Why S.C. preservationists are trying to keep a key tax break
Charleston businessman Cameron Glaws and his partners are poised to sink about $1 million into fixing four long-abandoned cottages on Charleston’s Jackson Street. And he realizes he’s starting just in time.
That’s because the work to save the Jackson Street cottages — like many of the nation’s most ambitious private historic preservation projects — would not be possible without federal and state tax credits.
And the future of the federal credits remains up in the air as Congress works on overhauling the tax code.
While these credits are a drop in the bucket relative to the larger debate over the national debt, corporate and individual tax rates, mortgage deductions, health care mandates and other far bigger-ticket items, South Carolina’s preservationists are carefully eyeing what happens next.
“Everybody is on the ringer calling their various legislators,” said Winslow Hastie, chief preservation officer with the Historic Charleston Foundation.
“Obviously, there are a lot of special-interest groups attacking different aspects of these bills,” he added. “We’re not seeing ultimately what we’re going to get, but I hope they see the power of this and how important this is for the state of South Carolina.”
A big impact
Nationally, the credit has attracted $131 billion in private investment since it was created under President Ronald Reagan, according to the nonprofit Historic Tax Credit Coalition.
In South Carolina, the credit has helped with 73 projects totaling $394 million, according to the S.C. State Historic Preservation Office.
Some of the higher profile examples include Charleston’s Cigar Factory and the Gibbes Museum of Art, the Drayton Mill in Spartanburg, the Kress store in Florence and both the Olympia Cotton Mills and Palmetto Compress and Warehouse Co. buildings in Columbia.
Current projects include the renovation of Charleston’s Old City Jail as offices, the Jackson Street cottages and the former GARCO mill in North Charleston.
Claws said the cottages are in such dilapidated condition he could not justify renovating them without federal and state tax credits.
The credit works like this: For income-producing properties, the owner must certify the historic nature of the property and get approval of the scope of work to ensure it meets preservation standards. Once complete, the owners can deduct 20 percent of the qualified sum from their future taxes — or sell them on the market for a quicker infusion of cash.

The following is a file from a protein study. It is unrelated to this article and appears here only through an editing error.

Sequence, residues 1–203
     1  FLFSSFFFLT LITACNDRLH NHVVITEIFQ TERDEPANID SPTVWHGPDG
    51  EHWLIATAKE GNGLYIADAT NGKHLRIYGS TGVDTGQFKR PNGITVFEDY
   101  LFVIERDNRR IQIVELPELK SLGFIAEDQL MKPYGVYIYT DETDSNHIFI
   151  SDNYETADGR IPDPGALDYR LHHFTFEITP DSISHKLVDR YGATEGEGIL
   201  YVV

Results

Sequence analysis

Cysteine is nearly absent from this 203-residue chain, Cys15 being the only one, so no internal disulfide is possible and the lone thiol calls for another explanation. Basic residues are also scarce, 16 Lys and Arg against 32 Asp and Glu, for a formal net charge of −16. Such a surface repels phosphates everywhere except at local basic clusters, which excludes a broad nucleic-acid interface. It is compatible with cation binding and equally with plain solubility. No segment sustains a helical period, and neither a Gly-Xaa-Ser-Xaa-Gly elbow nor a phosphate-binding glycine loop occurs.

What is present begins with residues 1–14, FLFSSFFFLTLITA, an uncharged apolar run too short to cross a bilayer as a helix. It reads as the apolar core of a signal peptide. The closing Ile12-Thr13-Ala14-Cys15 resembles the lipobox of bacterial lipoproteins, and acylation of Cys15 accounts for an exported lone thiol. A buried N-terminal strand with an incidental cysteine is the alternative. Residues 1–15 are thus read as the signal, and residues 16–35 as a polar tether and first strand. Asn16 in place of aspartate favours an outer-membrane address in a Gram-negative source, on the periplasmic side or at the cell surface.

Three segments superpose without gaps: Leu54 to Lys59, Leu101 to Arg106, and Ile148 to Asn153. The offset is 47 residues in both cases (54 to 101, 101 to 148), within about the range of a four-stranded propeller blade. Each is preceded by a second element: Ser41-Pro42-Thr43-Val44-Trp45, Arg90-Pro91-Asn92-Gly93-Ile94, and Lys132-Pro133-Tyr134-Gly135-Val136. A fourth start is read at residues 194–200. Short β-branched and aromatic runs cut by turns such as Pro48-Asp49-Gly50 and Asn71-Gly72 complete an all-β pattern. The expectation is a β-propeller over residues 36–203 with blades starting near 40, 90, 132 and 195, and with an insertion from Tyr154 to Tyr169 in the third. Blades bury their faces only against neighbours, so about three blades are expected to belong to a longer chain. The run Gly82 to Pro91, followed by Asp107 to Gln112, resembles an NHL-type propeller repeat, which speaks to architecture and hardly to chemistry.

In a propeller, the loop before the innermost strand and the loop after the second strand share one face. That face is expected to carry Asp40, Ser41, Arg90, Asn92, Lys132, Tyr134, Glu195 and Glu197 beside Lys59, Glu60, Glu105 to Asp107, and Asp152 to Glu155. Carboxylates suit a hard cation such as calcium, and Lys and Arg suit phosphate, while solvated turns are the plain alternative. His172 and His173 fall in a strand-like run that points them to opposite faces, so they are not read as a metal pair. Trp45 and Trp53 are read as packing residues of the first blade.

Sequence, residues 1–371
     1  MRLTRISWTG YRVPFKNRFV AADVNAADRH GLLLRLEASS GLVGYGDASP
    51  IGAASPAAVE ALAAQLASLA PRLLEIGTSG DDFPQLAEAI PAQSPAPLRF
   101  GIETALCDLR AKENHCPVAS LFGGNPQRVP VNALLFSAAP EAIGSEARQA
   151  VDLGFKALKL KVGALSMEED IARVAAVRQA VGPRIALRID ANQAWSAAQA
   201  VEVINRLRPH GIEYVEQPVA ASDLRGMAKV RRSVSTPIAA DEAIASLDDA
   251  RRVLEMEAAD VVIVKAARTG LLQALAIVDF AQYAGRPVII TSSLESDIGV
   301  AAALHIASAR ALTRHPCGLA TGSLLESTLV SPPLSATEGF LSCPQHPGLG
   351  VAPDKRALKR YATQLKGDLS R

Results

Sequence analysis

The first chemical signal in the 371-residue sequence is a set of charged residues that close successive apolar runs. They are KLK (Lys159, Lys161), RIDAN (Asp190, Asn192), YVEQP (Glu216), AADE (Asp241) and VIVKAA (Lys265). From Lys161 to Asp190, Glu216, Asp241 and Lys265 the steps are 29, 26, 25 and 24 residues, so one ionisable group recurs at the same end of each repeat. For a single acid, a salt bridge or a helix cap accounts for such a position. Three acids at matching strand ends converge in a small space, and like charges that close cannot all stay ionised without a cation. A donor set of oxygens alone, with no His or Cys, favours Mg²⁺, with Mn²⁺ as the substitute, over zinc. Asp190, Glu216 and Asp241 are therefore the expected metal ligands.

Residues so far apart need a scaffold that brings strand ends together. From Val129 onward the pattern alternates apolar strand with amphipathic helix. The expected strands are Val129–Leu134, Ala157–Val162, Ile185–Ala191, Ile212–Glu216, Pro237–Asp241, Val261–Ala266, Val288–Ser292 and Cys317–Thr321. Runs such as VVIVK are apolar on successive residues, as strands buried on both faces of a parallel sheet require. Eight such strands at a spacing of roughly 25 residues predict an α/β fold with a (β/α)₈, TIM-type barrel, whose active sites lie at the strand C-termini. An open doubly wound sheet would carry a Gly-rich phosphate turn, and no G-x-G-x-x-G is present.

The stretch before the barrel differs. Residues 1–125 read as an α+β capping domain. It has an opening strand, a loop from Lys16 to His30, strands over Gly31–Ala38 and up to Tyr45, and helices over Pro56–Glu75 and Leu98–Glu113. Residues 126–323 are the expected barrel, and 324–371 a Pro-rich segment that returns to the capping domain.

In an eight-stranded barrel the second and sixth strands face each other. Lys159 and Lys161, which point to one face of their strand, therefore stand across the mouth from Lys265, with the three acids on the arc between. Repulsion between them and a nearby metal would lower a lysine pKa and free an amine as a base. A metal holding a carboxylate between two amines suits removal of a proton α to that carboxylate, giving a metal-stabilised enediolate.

Its disappearance could slow the renovation of signature buildings on the former Charleston Naval Base, including its Power House, as well as the emerging BullStreet project on 181 acres in Columbia.
Mike Bedenbaugh, director of Preserve South Carolina, said preservation projects in smaller towns, such as the one his organization recently launched in Society Hill, will be hurt as much or more.
“Small- to medium-sized towns with these white elephant buildings will suffer terribly,” he said.
‘De facto elimination?’
South Carolina preservationists have focused most of their message on U.S. Rep. Tom Rice of Myrtle Beach and Sen. Tim Scott, two South Carolina Republicans who sit on committees that will help shape the bill.
While the House bill would discontinue the credit, the Senate bill would halve it, from 20 percent to 10 percent.
Scott recently wrote that he supports continuing the credit but did not address the reduction.
Hastie said cutting the credit in half could be a “de facto elimination.”
Not everyone is a fan. Adam Michel of the Heritage Foundation said the child tax credit will survive, but the think-tank supports eliminating most every other tax credit and subsidy.
“Because the special interests here in Washington are so strong, I suspect many of the current subsidies in the tax code will remain,” he said. “But I remain optimistic that some credits and many deductions will go away as part of this reform.”
Glaws said he and his partners not only needed the 20 percent federal credit but also state tax credits, including its relative new abandoned building tax credit. His partner Buddy Green of Charlotte said the credit is good policy because it encourages private investment in blighted areas.
“Every time you do one, you take something that’s obsolete and worn out and abandoned and turn it into something people work in,” he said. “Property taxes go up 1,000 percent. It sort of spreads out.”
“It’s not like it’s a hand out; it’s earned,” he said. “They take a lot of risks.”